Author Topic: Narconon: Purification induced heatstroke  (Read 25826 times)

Offline mefree

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Re: Purification induced heatstroke
« Reply #40 on: October 30, 2010, 00:20 »
Some additional information about heat stroke, a life threatening, medical emergency.
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« Reply #41 on: October 31, 2010, 13:46 »
« Last Edit: April 11, 2011, 16:38 by VONSTEPHANSON III »

Offline mefree

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Re: Purification induced heatstroke
« Reply #42 on: October 31, 2010, 15:06 »
Thank you, the one thing that sticks out here is the fact NN doesn't want anyone to think they have any ties to Scientology.Lets take for example Christian rehab. They advertise, they're up front, they want you to know their method. By definition Scientology IS a religion. Agree?

You're welcome. Some agree, some disagree, on the religion point.

If everyone knew during the purchase/marketing phase that they were about to put their loved one into a religious entity, NN would suffer significantly.

Agree. Withholding this information is a deceptive advertising and recruitment method.

NN refutes they have anything to do with Scientology, but they use the Hubbard material. They don't advertise that on their website. What they advertise is the "Hubbard Detox", that part  they don't hide. It's nowhere in the "Our Full Program Description" section at all. I can't find where they disclose the material/methodology they use, can you? Why is this important?
Because if I claim I'm not a religious based rehab, but all of, or most of the material I use is out of the Christian bible, or Jehovah's Witness bible, or the Koran, or Shamanism, or Occultism, or say any other religion, then is this not misrepresentation/Failure to Disclose?

Absolutely. As you are aware, the addict and family are extremely vulnerable in this situation and many times desperate.

I mean it would be like saying we're not a Satanic Cult, but use the Black Bible designed by  followers of Satan. Isn't that what NN does? Don't buyers of the program have a right to know this before they buy? It's designed into the marketing program this way for a reason. Very clever. I'm not to trying to expose they are a religious entity, but for them to disclose their treatment methods. If the general public knew there are rehab centers across the country that contribute to the drug epidemic, I think they would vote to make it mandatory to divulge program methods i.e. 12-Step or prayer. The program method is NOT being disclosed/marketed, only the “Detox Method”.

Buyers have a right to know, but Narconon knows this would drive away potential customers.

Community Access Channels are a way to expose rehab centers that do not disclose their methodology, and bringing to light a lack of standards in the alcohol/drug rehab arena. while not attacking NN directly, it's a way to bring to the attention of unknowing and vulnerable public looking for a treatment center. I still say petition for initiative. Vote!

Getting the word out via Community Access Channels is a very interesting idea. Federal and State agencies seem to be fairly inept at dealing with the problem, despite numerous complaints and allegations of fraud, abuse, poor or non-existent medical supervision, hospitalizations and deaths.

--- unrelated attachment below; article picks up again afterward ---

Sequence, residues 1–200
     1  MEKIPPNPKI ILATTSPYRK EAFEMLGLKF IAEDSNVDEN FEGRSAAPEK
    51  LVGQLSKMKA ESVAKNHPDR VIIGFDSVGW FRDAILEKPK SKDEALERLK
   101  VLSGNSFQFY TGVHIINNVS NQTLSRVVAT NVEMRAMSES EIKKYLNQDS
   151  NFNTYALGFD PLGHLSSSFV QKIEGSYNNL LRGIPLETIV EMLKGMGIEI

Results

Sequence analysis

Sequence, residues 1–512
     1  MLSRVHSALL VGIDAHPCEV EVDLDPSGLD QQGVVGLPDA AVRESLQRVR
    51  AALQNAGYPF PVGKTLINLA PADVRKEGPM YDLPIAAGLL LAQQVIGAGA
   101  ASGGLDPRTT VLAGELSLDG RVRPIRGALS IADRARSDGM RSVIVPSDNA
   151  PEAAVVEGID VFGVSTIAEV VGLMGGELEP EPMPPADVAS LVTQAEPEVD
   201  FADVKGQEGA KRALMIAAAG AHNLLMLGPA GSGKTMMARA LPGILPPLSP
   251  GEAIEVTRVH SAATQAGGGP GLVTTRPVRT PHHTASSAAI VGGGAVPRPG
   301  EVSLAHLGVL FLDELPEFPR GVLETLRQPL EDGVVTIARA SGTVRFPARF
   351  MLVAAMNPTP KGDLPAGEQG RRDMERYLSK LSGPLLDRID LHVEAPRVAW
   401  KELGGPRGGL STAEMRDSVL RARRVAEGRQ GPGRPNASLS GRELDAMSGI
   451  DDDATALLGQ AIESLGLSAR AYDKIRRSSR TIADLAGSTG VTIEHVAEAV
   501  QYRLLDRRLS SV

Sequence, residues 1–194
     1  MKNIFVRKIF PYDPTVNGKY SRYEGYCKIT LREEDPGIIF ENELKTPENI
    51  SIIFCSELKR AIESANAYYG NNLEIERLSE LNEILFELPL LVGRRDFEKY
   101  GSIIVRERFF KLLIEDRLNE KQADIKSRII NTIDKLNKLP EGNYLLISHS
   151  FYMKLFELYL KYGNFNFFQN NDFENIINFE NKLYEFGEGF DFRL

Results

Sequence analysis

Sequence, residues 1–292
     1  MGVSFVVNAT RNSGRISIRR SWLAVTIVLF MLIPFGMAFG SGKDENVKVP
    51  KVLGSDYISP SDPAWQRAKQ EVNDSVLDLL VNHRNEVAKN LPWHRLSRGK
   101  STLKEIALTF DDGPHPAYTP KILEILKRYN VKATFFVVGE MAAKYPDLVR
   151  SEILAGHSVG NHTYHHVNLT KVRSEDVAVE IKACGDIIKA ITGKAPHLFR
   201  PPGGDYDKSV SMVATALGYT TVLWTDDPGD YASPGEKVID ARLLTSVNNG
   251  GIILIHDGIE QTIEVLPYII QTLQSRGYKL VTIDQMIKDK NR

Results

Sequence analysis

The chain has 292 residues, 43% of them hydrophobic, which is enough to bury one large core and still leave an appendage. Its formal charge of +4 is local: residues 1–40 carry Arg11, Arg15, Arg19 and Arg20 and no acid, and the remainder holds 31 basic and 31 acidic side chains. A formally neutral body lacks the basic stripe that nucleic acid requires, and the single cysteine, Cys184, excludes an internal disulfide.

« Last Edit: October 31, 2010, 15:16 by mefree »
The ultimate authority must always rest with the individual's own reason and critical analysis.
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« Reply #43 on: November 02, 2010, 09:40 »
« Last Edit: April 11, 2011, 16:38 by VONSTEPHANSON III »

Offline Sunshine

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Re: Purification induced heatstroke
« Reply #44 on: November 09, 2010, 20:59 »

There may be arguments in society as to alcoholism being a disease or not but it is crystal clear how the United States Government treats the disease of alcoholism;

From National Institute on Alcohol Abuse and Alcoholism (NIAAA)
2. Is alcoholism a disease?
Yes, alcoholism is a disease. The craving that an alcoholic feels for alcohol can be as strong as the need for food or water. An alcoholic will continue to drink despite serious family, health, or legal problems.
Like many other diseases, alcoholism is chronic, meaning that it lasts a person's lifetime; it usually follows a predictable course; and it has symptoms. The risk for developing alcoholism is influenced both by a person's genes and by his or her lifestyle. (See also "Publications," Alcohol Alert No. 30: Diagnostic Criteria for Alcohol Abuse and Dependence.)
4. Can alcoholism be cured?
No, alcoholism cannot be cured at this time. Even if an alcoholic hasn't been drinking for a long time, he or she can still suffer a relapse. Not drinking is the safest course for most people with alcoholism.
From The Centers for Disease Control and Prevention;
What is the difference between alcoholism and alcohol abuse?
Alcohol abuse4 is a pattern of drinking that results in harm to one’s health, interpersonal relationships, or ability to work. Manifestations of alcohol abuse include the following:
•   Failure to fulfill major responsibilities at work, school, or home.
•   Drinking in dangerous situations, such as drinking while driving or operating machinery.
•   Legal problems related to alcohol, such as being arrested for drinking while driving or for physically hurting someone while drunk.